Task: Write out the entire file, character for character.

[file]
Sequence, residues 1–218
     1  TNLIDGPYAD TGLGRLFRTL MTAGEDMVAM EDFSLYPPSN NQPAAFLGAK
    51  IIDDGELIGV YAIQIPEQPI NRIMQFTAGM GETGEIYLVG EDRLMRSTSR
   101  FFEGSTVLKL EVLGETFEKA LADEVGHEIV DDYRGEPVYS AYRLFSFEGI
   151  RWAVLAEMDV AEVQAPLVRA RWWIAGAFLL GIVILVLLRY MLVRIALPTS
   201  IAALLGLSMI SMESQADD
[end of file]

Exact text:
Sequence, residues 1–218
     1  TNLIDGPYAD TGLGRLFRTL MTAGEDMVAM EDFSLYPPSN NQPAAFLGAK
    51  IIDDGELIGV YAIQIPEQPI NRIMQFTAGM GETGEIYLVG EDRLMRSTSR
   101  FFEGSTVLKL EVLGETFEKA LADEVGHEIV DDYRGEPVYS AYRLFSFEGI
   151  RWAVLAEMDV AEVQAPLVRA RWWIAGAFLL GIVILVLLRY MLVRIALPTS
   201  IAALLGLSMI SMESQADD